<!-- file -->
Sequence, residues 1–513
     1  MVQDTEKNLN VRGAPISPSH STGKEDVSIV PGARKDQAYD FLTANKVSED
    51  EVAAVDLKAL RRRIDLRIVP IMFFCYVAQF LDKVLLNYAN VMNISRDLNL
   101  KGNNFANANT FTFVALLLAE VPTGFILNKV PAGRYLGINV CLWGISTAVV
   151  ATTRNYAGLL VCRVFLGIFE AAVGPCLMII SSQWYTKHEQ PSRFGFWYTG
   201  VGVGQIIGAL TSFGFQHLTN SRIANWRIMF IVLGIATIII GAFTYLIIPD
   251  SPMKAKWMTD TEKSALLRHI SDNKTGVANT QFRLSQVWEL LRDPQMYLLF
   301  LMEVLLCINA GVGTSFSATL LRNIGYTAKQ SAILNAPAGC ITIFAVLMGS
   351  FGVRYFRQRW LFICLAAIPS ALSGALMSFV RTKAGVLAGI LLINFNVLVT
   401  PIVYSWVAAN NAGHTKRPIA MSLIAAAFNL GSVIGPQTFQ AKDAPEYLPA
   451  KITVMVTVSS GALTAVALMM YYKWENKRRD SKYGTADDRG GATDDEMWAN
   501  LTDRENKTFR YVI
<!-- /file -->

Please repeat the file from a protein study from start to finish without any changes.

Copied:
Sequence, residues 1–513
     1  MVQDTEKNLN VRGAPISPSH STGKEDVSIV PGARKDQAYD FLTANKVSED
    51  EVAAVDLKAL RRRIDLRIVP IMFFCYVAQF LDKVLLNYAN VMNISRDLNL
   101  KGNNFANANT FTFVALLLAE VPTGFILNKV PAGRYLGINV CLWGISTAVV
   151  ATTRNYAGLL VCRVFLGIFE AAVGPCLMII SSQWYTKHEQ PSRFGFWYTG
   201  VGVGQIIGAL TSFGFQHLTN SRIANWRIMF IVLGIATIII GAFTYLIIPD
   251  SPMKAKWMTD TEKSALLRHI SDNKTGVANT QFRLSQVWEL LRDPQMYLLF
   301  LMEVLLCINA GVGTSFSATL LRNIGYTAKQ SAILNAPAGC ITIFAVLMGS
   351  FGVRYFRQRW LFICLAAIPS ALSGALMSFV RTKAGVLAGI LLINFNVLVT
   401  PIVYSWVAAN NAGHTKRPIA MSLIAAAFNL GSVIGPQTFQ AKDAPEYLPA
   451  KITVMVTVSS GALTAVALMM YYKWENKRRD SKYGTADDRG GATDDEMWAN
   501  LTDRENKTFR YVI